Liability for Collisions under Libyan Maritime Law
By Dr. Mohamed Karbal
It is a known fact that the Libyan people are still struggling to establish a strong central government in order to fulfill the hopes and aspirations that inspired the revolution of February 17, 2011.
At present, there are two parliaments and two governments claiming to be the legitimate representative of the Libyan people. In order to resolve the dispute, both the United Nations and the European Union are bringing the two sides to the negotiation table, in hopes of establishing one internationally-recognized government to bring peace and security to Libya through the support of the international community.
The strategic location of Libya and its tremendous wealth gives Libya an important status for the world, most notably to the EU.
Evidently, peace and economic development will soon come to Libya and that will lead to security and prosperity, not only in Libya, but in the world especially Europe. Trade will flourish and the part of the Mediterranean adjacent to Libyan ports shall be frequently visited by vessels. This leads to the topic of this article which discusses vessel collisions as regulated by Libyan Maritime Law.
Although the effects of certain collisions may not lead to sinking, collisions may still cause adverse consequences, including but not limited to, fires and explosions, loss of cargo and damage to the vessel, marine pollution, and death or injury sustained by individuals, such as members of the crew.
The repercussions of the collision may cost those who are held liable, such as shipowners or insurance companies (P & I clubs) thousands, even millions of dollars in losses depending on the severity of the damage. One of the biggest concerns is how each party implicated will assume liability and how loss will be allocated amongst the parties.
The purpose of this article is to address the legal issues surrounding fault and liability that may arise from a maritime collision that occurs within Libyan waters by using the applicable legislation, the Libyan Maritime Law of 1953.
The Libyan Maritime Law considers collisions as accidents that occur between vessels. Although a collision is commonly believed to require physical contact, the Libyan Maritime Law allows victims to recover from tortfeasors even if no physical contact has occurred, where damage by an act or failure to act or violation of navigation rules is caused to another vessel, the goods or persons aboard the vessel (Article 241 of Libyan Maritime Law).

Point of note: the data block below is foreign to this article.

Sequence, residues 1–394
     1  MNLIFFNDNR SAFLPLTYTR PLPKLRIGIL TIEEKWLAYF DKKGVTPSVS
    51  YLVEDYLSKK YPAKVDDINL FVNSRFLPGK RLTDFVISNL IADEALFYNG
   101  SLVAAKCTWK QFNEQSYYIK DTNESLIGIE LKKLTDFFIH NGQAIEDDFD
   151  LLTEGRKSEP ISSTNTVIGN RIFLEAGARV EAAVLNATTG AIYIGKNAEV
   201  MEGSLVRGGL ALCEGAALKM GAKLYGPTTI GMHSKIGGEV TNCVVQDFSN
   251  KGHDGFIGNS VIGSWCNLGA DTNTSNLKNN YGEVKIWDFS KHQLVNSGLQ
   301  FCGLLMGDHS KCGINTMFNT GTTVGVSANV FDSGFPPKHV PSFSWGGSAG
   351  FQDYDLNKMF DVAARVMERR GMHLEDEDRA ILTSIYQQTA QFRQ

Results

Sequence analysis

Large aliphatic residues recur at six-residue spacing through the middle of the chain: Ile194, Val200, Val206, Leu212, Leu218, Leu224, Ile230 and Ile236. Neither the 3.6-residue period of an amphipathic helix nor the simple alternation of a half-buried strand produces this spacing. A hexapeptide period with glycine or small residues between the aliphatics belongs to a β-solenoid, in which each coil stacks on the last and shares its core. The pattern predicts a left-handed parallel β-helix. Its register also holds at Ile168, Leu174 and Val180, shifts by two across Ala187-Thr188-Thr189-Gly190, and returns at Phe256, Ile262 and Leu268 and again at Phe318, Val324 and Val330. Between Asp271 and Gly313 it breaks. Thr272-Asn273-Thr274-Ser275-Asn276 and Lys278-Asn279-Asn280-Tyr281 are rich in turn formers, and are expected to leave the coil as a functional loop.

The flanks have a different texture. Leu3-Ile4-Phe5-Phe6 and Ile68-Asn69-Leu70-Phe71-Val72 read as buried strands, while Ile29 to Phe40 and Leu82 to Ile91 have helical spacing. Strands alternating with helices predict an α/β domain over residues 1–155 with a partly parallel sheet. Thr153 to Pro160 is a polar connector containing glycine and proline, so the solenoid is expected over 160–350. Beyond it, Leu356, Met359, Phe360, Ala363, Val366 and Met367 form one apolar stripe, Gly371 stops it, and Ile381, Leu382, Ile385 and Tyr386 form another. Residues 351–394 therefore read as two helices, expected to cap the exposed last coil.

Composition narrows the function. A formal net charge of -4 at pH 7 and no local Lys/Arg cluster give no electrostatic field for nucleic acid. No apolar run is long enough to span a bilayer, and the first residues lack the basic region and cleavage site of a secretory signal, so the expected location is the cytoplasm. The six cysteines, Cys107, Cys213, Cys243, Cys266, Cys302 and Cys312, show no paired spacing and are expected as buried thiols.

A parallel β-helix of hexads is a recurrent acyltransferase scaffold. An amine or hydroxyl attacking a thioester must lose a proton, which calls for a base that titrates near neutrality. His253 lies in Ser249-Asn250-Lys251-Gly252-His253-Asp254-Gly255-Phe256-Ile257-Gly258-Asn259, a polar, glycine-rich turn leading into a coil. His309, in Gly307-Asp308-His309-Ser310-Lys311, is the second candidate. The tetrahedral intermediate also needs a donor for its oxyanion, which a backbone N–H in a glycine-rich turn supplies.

In case of a collision as defined under the Libyan Maritime Law, persons or cargo aboard a ship involved in the collision or an innocent third party may recover for damages and losses suffered. However, the physical contact between ship and structures, such as a bridge or dock, is not considered by the Libyan Maritime Law as a collision, and in fact constitutes tortious liability.
For a collision to have occurred, the accident must have caused by either a fault of a vessel or force majeure, or unidentified cause. The fault of a vessel is extremely important in determining the liability for damages. If a Court determines one vessel is at fault for the collision, the owner of the vessel will be held liable for paying damages to successful claimant(s) (Art. 238 of Libyan Maritime Law).
In case where a Court determines that both vessels are jointly at fault, then the Court will accord liability to ships in accordance to the amount of blame of each vessel (Art. 239 of the Libyan Maritime Law). Courts may be faced with the difficulty of determining the allocation of fault, such as when evidence is vague and does not permit the court to determine who is at greater fault. In case where the fault of the vessels is difficult to determine, courts will find both vessels equally at fault.
Force majeure is the common term used in various jurisdictions to describe an unavoidable or an irresistible force outside of the control of either party which causes a tort. Under maritime law, examples would be a hurricane or flood which causes a collision between vessels. The Libyan Maritime Law stipulates that both parties are exempt from liability to each other in case of force majeure (Article 237 of Libyan Maritime Law). Instead, each party will be responsible for its own losses.
In terms of division of damages, Article 239 of the Libyan Maritime Law stipulates that if more than one vessel is at fault, liability will be assessed in proportion to their fault, meaning that each vessel will only be held liable for the damages to the degree of their liability.
If it is impossible to calculate the degree of fault of each vessel, liability will be divided equally among the vessels involved. Each defaulting vessel will be severally proportionally liable for damages caused to other vessels, belongings of the crew and passengers.
However, defaulting vessels will be jointly and severally liable for death or personal injury, meaning that the plaintiff can recover the entirety of the damages (Article 239 of the Libyan Maritime Law) from one of the defaulting vessels.
If such vessel pays for damages exceeding its percentage of the fault, it is entitled to be reimbursed by other defaulting vessels for the amount it paid in excess of its percentage of fault. Military and government vessels serving public interest are not subject to the pervious rules of compensation (Article 244 of the Libyan Maritime Law).